V “Reflections in Terror” (part 2 of 3)
Now we’re over at Science Frontiers, where Nathan Bates (Lane Smith) is in his office yelling at two of his henchmen. Lane Smith was Perry White on Lois & Clark, and he played another enemy sympathizer named “Bates” in Red Dawn, and he also had a memorable turn as Richard Nixon in a TV movie. Bates is hopping mad about all those cute orphans being smuggled into Los Angeles, because it’s making a mockery of his truce with the Visitors. He orders his men to find the Resistance members responsible, and “crush them!”
Meanwhile, Donovan and Tyler drive their van to a church. Once inside, they’re reunited with Chris Faber (Mickey Jones), a Resistance member who first appeared as Ham’s right hand man in The Final Battle, and who made sporadic appearances on the weekly series.
Chris introduces them to a young, generic priest named “Father Turney”, and Father Turney’s got a little girl with him. A cute, precocious little girl with pigtails who marches right up to Ham Tyler and asks why he “looks so grumpy”. Oh no. I can sense an oncoming attempt to warm my heart.
The girl jokes around with Ham, and she laughs at the name “Ham”, and lisps that it “stthhounds like a sthhhandwich!” Yeah, and you know what? It’s gonna sound like a knuckle sandwich in about a minute if you don’t shut it, little girl.
But Ham plays along, and you can tell his icy heart is being thawed just a tiny bit by the girl’s cuteness. Alas, the tender moment ends abruptly when three Visitors show up at the church. I wasn’t quite sure if the Visitors are supposed to be evil or not, but luckily the issue is settled when they start trashing the nativity scene out front.
Ham, Chris, and Mike run outside and jump the Visitors, who are thankfully too stupid to use the laser rifles clearly slung over their shoulders. The Visitors are all down for the count, and then Father Turney comes outside, and Mike warns him not to stay here. But Turney’s not worried. He tells them to “leave these three gentleman to me, and go with God!” I have no idea what a priest wants with three unconscious Visitors, and maybe I don’t want to know.
Next, Kyle Bates and Elizabeth are having a romantic nighttime rendezvous outside of Kyle’s house. And for those paying attention, yes, Kyle Bates is the son of Nathan Bates, and this show mined the “estranged father and son on different sides of the war” dynamic for all the melodrama it was worth.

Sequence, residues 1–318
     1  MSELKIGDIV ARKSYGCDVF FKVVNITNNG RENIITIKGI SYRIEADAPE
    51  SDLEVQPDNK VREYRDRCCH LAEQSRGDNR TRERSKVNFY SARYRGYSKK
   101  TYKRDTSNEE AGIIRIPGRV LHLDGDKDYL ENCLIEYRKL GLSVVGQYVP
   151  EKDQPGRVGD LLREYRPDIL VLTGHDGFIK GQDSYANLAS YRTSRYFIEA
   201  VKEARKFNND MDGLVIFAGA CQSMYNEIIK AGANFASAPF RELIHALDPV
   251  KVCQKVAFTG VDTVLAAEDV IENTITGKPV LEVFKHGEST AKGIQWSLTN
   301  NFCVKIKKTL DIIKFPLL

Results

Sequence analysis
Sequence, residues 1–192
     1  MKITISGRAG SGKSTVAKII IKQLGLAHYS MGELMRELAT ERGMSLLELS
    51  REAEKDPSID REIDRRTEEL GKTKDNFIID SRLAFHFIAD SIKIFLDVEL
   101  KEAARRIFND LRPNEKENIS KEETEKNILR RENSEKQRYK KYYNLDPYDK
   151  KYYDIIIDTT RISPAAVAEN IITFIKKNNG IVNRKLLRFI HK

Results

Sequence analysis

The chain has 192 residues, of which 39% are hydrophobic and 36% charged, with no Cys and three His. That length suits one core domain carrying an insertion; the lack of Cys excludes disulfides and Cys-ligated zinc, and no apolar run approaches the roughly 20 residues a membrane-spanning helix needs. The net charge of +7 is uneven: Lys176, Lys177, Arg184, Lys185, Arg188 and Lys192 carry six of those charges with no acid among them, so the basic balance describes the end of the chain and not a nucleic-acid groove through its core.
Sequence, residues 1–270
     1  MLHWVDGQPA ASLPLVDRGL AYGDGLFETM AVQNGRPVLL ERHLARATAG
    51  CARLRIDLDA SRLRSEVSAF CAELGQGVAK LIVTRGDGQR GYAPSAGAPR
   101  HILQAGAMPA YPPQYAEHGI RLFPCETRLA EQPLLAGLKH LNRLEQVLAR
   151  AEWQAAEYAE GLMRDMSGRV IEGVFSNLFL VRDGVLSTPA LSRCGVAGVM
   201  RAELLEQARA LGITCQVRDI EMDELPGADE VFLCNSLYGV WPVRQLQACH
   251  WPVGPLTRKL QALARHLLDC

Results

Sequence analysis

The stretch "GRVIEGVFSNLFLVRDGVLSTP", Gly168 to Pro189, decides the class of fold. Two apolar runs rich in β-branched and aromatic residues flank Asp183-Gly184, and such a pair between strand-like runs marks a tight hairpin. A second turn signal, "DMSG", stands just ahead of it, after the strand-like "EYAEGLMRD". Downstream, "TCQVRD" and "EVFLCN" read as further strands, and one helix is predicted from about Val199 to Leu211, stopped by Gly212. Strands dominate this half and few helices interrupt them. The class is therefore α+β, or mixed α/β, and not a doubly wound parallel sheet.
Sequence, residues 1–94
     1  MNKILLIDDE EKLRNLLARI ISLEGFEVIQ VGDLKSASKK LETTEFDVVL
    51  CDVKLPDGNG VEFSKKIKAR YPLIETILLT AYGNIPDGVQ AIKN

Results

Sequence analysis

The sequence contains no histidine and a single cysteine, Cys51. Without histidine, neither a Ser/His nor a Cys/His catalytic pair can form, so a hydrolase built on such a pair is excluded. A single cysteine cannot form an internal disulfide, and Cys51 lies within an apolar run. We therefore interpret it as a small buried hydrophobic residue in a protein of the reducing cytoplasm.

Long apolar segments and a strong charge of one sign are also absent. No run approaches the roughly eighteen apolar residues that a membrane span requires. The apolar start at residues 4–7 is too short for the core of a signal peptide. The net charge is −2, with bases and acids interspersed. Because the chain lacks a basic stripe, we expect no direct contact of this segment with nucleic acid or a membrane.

Elizabeth says she has a special dream, but she can’t say what it is, because “when I was little”—so, what, a year ago?—her mom told her that if you want your special dream to come true, you have to keep it a secret. But Kyle already knows how to make her dream come true, and he kisses her. That’s right, he’s basically making out with a two year old.
Then Robin shows up, from… somewhere. This would be Elizabeth’s mother, Robin Maxwell, who of course looks exactly the same age as Elizabeth. This leads to a scene straight out of Soap Opera Hell, where Robin yells at the two of them for sneaking around behind her back. In case you couldn’t guess, the V writers have used their SORAS to set up a particularly sleazy mother-daughter love triangle, with Kyle Bates caught in the middle.
Robin storms off, and then it’s over to the Club Creole, which is done up in flimsy Christmas decorations, and Willie the Lovable Visitor is at the piano. Willie’s running gag throughout the show was that he didn’t have a good grasp of the English language, and was constantly mixing up words. Like here, where he attempts to sing “Deck the Halls”, and fills the song with evocative imagery like “Deck the halls with lousy folly” and “Holy moley, yuletide barrel”.
Although, you probably shouldn’t watch this scene too closely, because then you’d notice Willie isn’t actually pressing down any keys—he’s just sort of lightly touching them. And none of his singing matches his lips, either.
The crowd is getting annoyed, including a big bruiser of a Visitor who yanks Willie away from the piano and shoves him to the floor. But it appears this Visitor is a man of many talents: he can shove people around and tickle the ivories. He begins playing a series of random, dissonant chords, and all the Visitors in the club stand at attention.
Julie runs in, and Willie assures her he’s okay, and the guy “just injured my prize”. He further explains the dissonant chords with, “It is our national anthem.” Yes, it appears that the entire Visitor planet has just one national anthem. And also, that the Visitors actually took the time to arrange their National Anthem for the piano, instead of whatever instruments Visitors play.
Julie decides to counter this by standing up and singing, and Faye Grant gets to show off her Broadway musical skills by launching into a rendition of “America the Beautiful”. Just then, Mike, Ham, and Chris enter the club and join in with her, and now the entire club is righteously singing “America the Beautiful” and drowning out the Visitor Anthem. Soon, an invisible orchestra triumphantly swoops in. The Visitor at the piano looks defeated, and marches out.
If this sounds a tad bit familiar, it’s because it’s a naked rip-off of the scene in Casablanca where German soldiers sing a patriotic German song, but the whole club drowns them out by singing the French national anthem. Jesus, guys, why not just take the Casablanca screenplay, change a few of the character names, and call it an original script? That’s how they made Barb Wire.